We are at a critical turning point in Vermont. We must confront who we are, who we want to be and what we believe in. As the nation at large becomes more politically polarized, our choices there at least become clearer.
In Vermont, we’ve historically maintained an open-minded political center and a large percentage of independent voters. so the electoral choices demand greater self-inquiry and candidate-inquiry. Remember 1984, when we elected Ronald Reagan, Madeleine Kunin, and Bernie Sanders?
If we ignore all the arrogant and self-serving claims about “what the founding fathers really meant,” the “with God on our side” blowhards, and those for whom ongoing scientific discovery disrupts their personal belief systems; if we turn off the media gossip and attack ads, and face the difficult but valuable task of confronting our own value system and listening to what it tells us, we will have done our jobs as citizens of a democracy.
Most of our political choices lie somewhere between self-interest and community. They take form in our personal beliefs about whether the organizing principles of society – that is the rule of law, taxation, and government’s role in the regulation of society, the economy and the environment – are, in fact, beneficial or just a necessary evil.
Yes, of course, we must listen to the candidates, or sadly, their campaign handlers, but we must also listen to our own conscience and measure what we hear inside ourselves against what we hear from those who would lead us. We must continually press them on what underlies their simplistic promises of lower taxes, furloughed prisoners, business deregulation, single-payer healthcare, the future of VT Yankee, or job creation. These have no substance without an implementation strategy and an analysis of intended and unintended consequences, yet our desire to believe them is so strong that we often just vote on the headlines. The downside of democracy is that we, the voters, have only ourselves to blame for bad leadership choices.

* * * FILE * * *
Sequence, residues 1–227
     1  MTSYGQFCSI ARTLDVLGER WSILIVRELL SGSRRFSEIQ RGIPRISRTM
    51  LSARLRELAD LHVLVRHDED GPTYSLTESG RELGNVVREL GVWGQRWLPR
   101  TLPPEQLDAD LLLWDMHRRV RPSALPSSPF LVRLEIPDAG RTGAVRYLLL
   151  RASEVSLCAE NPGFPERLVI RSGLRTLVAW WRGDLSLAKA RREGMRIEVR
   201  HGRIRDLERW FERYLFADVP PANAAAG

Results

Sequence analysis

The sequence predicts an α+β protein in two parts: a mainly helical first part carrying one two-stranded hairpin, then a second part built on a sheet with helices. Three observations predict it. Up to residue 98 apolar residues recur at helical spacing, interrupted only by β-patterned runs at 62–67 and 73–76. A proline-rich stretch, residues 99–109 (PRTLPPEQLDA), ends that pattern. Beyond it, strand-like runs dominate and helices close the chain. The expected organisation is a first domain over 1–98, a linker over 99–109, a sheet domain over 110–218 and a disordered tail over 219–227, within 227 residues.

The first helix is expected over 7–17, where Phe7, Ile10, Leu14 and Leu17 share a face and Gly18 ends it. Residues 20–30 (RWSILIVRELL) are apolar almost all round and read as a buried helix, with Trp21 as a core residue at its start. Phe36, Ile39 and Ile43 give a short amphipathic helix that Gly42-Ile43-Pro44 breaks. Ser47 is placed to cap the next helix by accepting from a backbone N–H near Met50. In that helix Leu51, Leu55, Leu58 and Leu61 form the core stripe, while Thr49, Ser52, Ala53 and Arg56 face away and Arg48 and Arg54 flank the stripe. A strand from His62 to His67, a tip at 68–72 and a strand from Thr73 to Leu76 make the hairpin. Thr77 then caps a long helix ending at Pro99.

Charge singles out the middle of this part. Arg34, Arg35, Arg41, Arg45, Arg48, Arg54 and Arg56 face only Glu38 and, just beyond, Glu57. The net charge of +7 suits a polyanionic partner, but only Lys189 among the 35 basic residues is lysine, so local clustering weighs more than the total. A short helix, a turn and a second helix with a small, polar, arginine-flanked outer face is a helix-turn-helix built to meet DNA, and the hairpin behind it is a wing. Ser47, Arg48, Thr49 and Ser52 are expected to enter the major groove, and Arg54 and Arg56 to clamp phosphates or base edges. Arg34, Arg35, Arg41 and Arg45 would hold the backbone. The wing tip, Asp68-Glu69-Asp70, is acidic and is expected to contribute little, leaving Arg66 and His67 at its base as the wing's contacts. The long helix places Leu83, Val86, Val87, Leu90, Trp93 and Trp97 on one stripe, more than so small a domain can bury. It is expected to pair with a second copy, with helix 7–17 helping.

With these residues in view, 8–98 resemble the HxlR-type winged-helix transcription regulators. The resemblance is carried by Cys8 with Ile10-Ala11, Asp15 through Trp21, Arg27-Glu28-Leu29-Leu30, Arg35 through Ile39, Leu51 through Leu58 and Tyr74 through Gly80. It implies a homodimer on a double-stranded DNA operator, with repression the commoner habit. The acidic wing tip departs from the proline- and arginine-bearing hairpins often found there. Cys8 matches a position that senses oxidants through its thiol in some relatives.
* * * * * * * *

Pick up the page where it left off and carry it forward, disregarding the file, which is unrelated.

In the voting booth, we must ask ourselves where the balance between self-interest and community lies and who can best help us get there? Do we have enough confidence in their integrity, their leadership experience and their vision to hand them the reins of government? Are we hearing their own plan or are they merely carrying someone else’s water?
Vermont has options. We’ve always been a conservative state, not in the Christine O’Donnell or Glenn Beck sense of conservatism, but rather in the Yankee tradition of conservatism that values community, believes in a social safety net, a vigorous business climate and a clean environment, but does not overreach financially, a conservatism that respects individual liberty and embraces community — Freedom and Unity.
Our problems are far less than those of many other states, precisely because of our traditional conservatism. We can fine tune our economy and enhance our communities and working landscape if we choose leaders who welcome new ideas, are stimulated by diverse opinions and maintain open minds.
And whatever we do we do, we will own our leadership choices for years to come.